Andrew Marmor, 18, a senior, is the team’s leading pitcher with a 7-3 record and 1.54 earned run average. On the field, Marmor has completed eight games and given up only 15 earned runs, while striking out 48 and walking only five in 68 innings. In the classroom, his 4.4 grade point average has secured him a slot at Brown University, an Ivy League school, in the fall where he plans to study physics.
Marmor — who is also batting .348 with 17 RBIs — played and pitched on the 2012 championship team; he was on the mound for the final three outs in the 10-5 victory against South Gate at Dodger Stadium. The 2014 team, now playing in Division I that’s loaded with the likes of Chatsworth, El Camino Real, defending champion San Fernando, Kennedy and Banning of Wilmington, certainly won’t have an easy path to another final. But there are similarities in this team and the 2012 squad that Marmor finds comforting.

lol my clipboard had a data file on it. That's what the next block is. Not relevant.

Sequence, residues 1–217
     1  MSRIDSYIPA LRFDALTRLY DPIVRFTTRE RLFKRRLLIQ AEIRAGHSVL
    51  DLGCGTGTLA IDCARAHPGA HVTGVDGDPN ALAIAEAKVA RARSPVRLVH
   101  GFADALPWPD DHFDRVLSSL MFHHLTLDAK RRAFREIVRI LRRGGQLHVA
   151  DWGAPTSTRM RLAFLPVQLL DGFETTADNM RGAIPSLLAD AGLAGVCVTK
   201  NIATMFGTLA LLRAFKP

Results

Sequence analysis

“One [similarity] would be that this is also a ‘pitching and defense’ kind of team,” Marmor said. “Our offense is good but it’s not really how we win games. The ‘2-1’ games are more our strength. Other than that, it’s just a really close team that believes in and trusts one another to get the job done.”
Outfielder Tyson Turner, 18, another senior who is headed to Cal Poly Pomona, transferred to North Hollywood from Golden Valley High of Santa Clarita last year. He was disenchanted by the Huskies’ dysfunctional play last year, but is enthused by the cohesiveness he’s seen this year.